“Men on Boats” is a rather ambiguous title for a play and, to be honest, it suits a rather ambiguous play. This charming tale starts out adrift and slowly brings the audience in as viewers figure out what on earth is happening. In a credit to director Sarah Shippobotham’s casting choices, the cast’s wide gender swap detracts nothing from the storyline — in fact, it adds an interesting element to see women addressing each other as men, while whining and bemoaning their extremely difficult journey like stereotypical women. Based on true events, “Men on Boats” is engaging, funny and even a little silly at times. The naming of Lake Powell after John Wesley Powell makes about as much sense as attempting to explore the Grand Canyon by boat before anyone called it the Grand Canyon.
These explorers were hardy and determined, but there is a lot of humanity in the play as they question their choices in the face of near-certain death. Mary Helen Pitman (Powell) carried the show with a stellar performance. She was vulnerable, uncertain and endlessly interesting to watch. Another standout was Ireland Nichols (Bradley). Her character was an exuberant first timer to the river who breathed life into even the darkest moments of the show. Each character had a distinct personality that shined through the aerobic storytelling process.
The actors were the boats and the river in one, with powerful voices and agile movement to convey the experience of everything from rocks to rapids. They even created a few waterfalls. The sheer physical stamina actors had to present was aided by a simplistic and yet amazingly versatile set and prop design. The set, created by Haley Nowicki, was painted in the familiar colors of southern Utah. It also featured a map-like floor painting, which was a basis for camp and a path through the twists and turns of the river. The props, created by Seth Lawrence Hampton, were simply amazing. Cloth and wood stools, a flaming campfire complete with cast iron skillet and even a few critters provided just enough context to root the story. The props also had a few tricks up their sleeves to startle audience and actor alike.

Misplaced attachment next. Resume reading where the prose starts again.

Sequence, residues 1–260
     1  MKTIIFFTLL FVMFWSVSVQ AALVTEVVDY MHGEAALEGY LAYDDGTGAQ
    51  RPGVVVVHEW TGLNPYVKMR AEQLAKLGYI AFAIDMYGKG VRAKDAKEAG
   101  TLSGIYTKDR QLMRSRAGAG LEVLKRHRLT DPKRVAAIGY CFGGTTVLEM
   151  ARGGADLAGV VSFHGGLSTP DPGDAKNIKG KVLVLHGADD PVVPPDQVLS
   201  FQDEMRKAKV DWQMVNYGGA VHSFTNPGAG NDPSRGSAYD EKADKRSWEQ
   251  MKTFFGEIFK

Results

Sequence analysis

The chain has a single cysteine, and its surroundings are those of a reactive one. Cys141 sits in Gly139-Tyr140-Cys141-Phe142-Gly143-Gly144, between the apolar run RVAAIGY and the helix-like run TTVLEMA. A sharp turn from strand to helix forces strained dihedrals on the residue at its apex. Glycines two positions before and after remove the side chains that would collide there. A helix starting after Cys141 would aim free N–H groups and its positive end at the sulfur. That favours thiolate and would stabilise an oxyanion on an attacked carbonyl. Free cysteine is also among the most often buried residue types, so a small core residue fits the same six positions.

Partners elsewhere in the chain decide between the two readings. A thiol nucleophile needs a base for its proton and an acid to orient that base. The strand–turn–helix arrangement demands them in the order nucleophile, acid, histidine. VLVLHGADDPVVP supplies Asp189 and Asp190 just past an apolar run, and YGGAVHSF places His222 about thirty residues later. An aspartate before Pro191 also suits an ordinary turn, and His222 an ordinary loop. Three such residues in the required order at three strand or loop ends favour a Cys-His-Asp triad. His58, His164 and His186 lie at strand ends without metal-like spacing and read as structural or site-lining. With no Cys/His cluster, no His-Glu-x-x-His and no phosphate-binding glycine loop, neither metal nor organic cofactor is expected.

The costume design was a blend of browns and oranges matched the desert surroundings that the adventurers explored. At one point, Bradley complains all three pairs of his pants are wet from the river. The costumes, by Ariana Hatch, were the perfect assessment of the simple life and often lost belongings of explorers. Also noteworthy was the sound design, by Emily Chung and lighting design, by Drew Bielinski. The lights flickered and changed as the sodden rowers plunged underwater and fought their way through narrow canyons. Without the accompanying sound cues, this might have felt too theatrical and not quite realistic enough, but the crashing waves and screams of the drowning actors were sufficiently convincing to keep things exciting.
“Men on Boats” is a brilliant way to learn something new during a few hours of your night. The show runs for an hour and fifty minutes without an intermission in Studio 115 of the Performing Arts Building. Tickets are free with a student ID. The show closes on March 10. Don’t miss out.